PAT Prendergast, who turns 41 years old later this year, has no intentions of hanging up his gloves anytime soon.
Instead, he’s relishing the chance to lace up his boots for Bandon’s footballers and hurlers, and getting back on the pitch this season.
‘I’m starting my 25th pre-season with Bandon this year so it doesn’t get easier!’ Prendergast told the Star Sport Podcast, but the experienced shot-stopper’s passion and drive hasn’t waned over the years.
‘Bandon has been good to me and if I can help out anyway I can I’ll keep coming back,’ he says.
‘It’s the day I feel – or they feel – that I’m not adding to it, then I’ll step aside.’
Right now, he feels good. In a Star interview in 2016 Prendergast joked that Bandon GAA will have to ask him to leave, and nothing has changed since.
‘The big thing with last season is I missed the dressing-room. You go in there 20 minutes before training, you’re meeting the younger lads, they keep you young with the bit of craic and the stories. You’d miss the camaraderie and the banter if you stepped away,’ he says.
‘Then you’ve 30 lads working hard for one purpose, that’s a big thing to step away from.
‘Someone wrote once that I was in the twilight of my career, that was in 2016, and I’m still in the twilight of my career now!
‘Last year I was thinking of packing it in, then you get a boost, you get a phonecall and you are back in again.’
Last season Bandon’s senior footballers and hurlers qualified for the quarter-finals of both their championships and Prendergast feels that they’re in a good position to make progress this year. He wants to be part of that and make more memories, like in 2016 when he captained the club’s footballers to the county intermediate crown and also won the Cork premier intermediate hurling title too.
‘That was an immense year, we were on the go ten or 11 weekends in a row, we didn’t even get a break in between the two finals – they are the highlights you look back on,’ the Macroom-based Garda says, while another personal highlight arrived very early in his career.
‘Being a child of the 1980s and 90s my two favourite Cork players would have been John Kerins and Stephen O’Brien. In my first year involved with Carbery (2000) we played the Cork seniors and Stephen O’Brien was playing full forward for Cork on the same day. I remember kicking a ball out, I chipped it over his head, and I think it was Owen Sexton running on to it. O’Brien turned around to me and said, “Jesus, that’s a great kick-out”. That was a highlight,’ Prendergast says, and he also reveals he shared a pitch with the legendary Teddy Holland of Ballinascarthy.
‘I made my (first-team) debut in 1997, but I played junior B in 1996 against the great Teddy Holland,’ he says.
To still be travelling so well now, and being first choice for both Bandon’s senior footballers and hurlers, shows incredible longevity – so what’s the secret?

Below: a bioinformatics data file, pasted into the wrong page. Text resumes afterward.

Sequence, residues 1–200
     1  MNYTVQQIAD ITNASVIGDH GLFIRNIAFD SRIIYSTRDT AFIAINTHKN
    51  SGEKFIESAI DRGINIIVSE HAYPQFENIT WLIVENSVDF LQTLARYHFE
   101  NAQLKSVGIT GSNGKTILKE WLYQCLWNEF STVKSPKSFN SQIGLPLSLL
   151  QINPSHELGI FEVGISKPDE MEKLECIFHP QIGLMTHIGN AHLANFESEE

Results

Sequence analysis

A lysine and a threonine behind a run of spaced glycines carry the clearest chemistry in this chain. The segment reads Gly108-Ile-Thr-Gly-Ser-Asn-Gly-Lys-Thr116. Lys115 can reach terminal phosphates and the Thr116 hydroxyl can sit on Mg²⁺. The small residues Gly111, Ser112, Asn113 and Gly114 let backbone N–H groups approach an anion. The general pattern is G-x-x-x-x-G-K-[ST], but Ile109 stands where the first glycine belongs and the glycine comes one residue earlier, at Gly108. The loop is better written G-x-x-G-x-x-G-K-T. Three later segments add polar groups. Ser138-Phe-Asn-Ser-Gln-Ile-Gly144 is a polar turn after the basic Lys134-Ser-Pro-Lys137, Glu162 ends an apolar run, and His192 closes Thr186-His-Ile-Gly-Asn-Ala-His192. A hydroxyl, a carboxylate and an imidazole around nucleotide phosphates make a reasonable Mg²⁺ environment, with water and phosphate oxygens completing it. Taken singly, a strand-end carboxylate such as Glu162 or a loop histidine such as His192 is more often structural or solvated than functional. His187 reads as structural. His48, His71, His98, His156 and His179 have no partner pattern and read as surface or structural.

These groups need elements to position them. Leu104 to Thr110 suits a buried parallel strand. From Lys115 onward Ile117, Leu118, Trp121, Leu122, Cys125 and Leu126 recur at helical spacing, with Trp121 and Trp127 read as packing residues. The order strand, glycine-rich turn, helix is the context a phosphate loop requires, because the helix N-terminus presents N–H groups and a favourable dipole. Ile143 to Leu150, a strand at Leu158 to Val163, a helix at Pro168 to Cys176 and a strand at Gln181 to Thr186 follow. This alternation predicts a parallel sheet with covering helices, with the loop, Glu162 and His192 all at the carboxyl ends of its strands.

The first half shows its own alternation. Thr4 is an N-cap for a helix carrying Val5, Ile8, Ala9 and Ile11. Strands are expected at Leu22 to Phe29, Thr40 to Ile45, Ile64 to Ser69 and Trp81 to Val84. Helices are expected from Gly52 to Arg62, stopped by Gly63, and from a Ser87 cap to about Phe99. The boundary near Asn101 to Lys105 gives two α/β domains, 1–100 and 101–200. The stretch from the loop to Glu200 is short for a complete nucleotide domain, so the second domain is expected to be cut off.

‘Luck,’ he replies.
‘I’ve been fortunate with injuries, most of them were when I was playing rugby instead of GAA. I have played with good teams too and I have worked hard – there have been a lot of nights I’ve spent in the corner on my own, diving on balls in the muck.
‘I think I’ve missed about six or seven championship games for Bandon in that time.’
Given his experience, and that he has played in the big games – winning county titles at various levels with Bandon and he was also between the posts when Carbery won the 2004 Cork SFC title – it’s no surprise he was called on to take part in an online football goalkeeping webinar that has seen some of Cork’s finest shot-stoppers, including Alan Quirke, Billy Morgan and Ray O’Mahony, share their knowledge with the next generation. The aim? To help improve the standard of football goalkeepers in the county.
‘The best piece of advice I was given, and I give it to younger goalkeepers, is to have a short memory,’ Prendergast says.
‘If a high ball drops in or you make a mistake, if you lose the head, run out and kick it out, the next thing the second ball comes back in and the exact same thing happens again.
‘You need to stay calm, have a short memory, forget about what happened before because all you can deal with is what’s coming next. As a goalkeeper, as the last line, that’s all you can do, to deal with what’s in front of you.’
He started off as a soccer goalkeeper before being drafted in between the posts for Bandon in his first year at U16. He’s been there since with the footballers, though he did spend a few years out the field with the hurlers before going back in goal in 2016. Prendergast has watched the role of a goalkeeper evolve in both codes and feels hurling is following football’s lead.
‘What I am finding in hurling now is the quick restarts, short puck-outs, accurate puck-outs, it’s becoming a big more football-ised that way. The goalkeeper has a lot more influence on a game. It’s a lot of puck-out strategies and puck-out percentages,’ he says. He’s well used to that approach in football.
‘The restart is massive. It’s not just about the goalkeeper, it’s about having backs who are live to it, having midfielders who are live to it, wing forwards who are live to it, it’s an orchestrated thing. The days of corner back running out with his back to you are gone,’ he explains. ‘A goalkeeper needs to get the ball on the tee as quickly as he can – there’s a stat, back around 2010 I think, that the longer you left it on the tee the less chance you had of your kick-outs being successful. It’s now down to six or seven seconds.’
The clock is ticking on kick-outs, but not on Prendergast who feels he has more to offer Bandon this year.
He’ll be back when the club action resumes.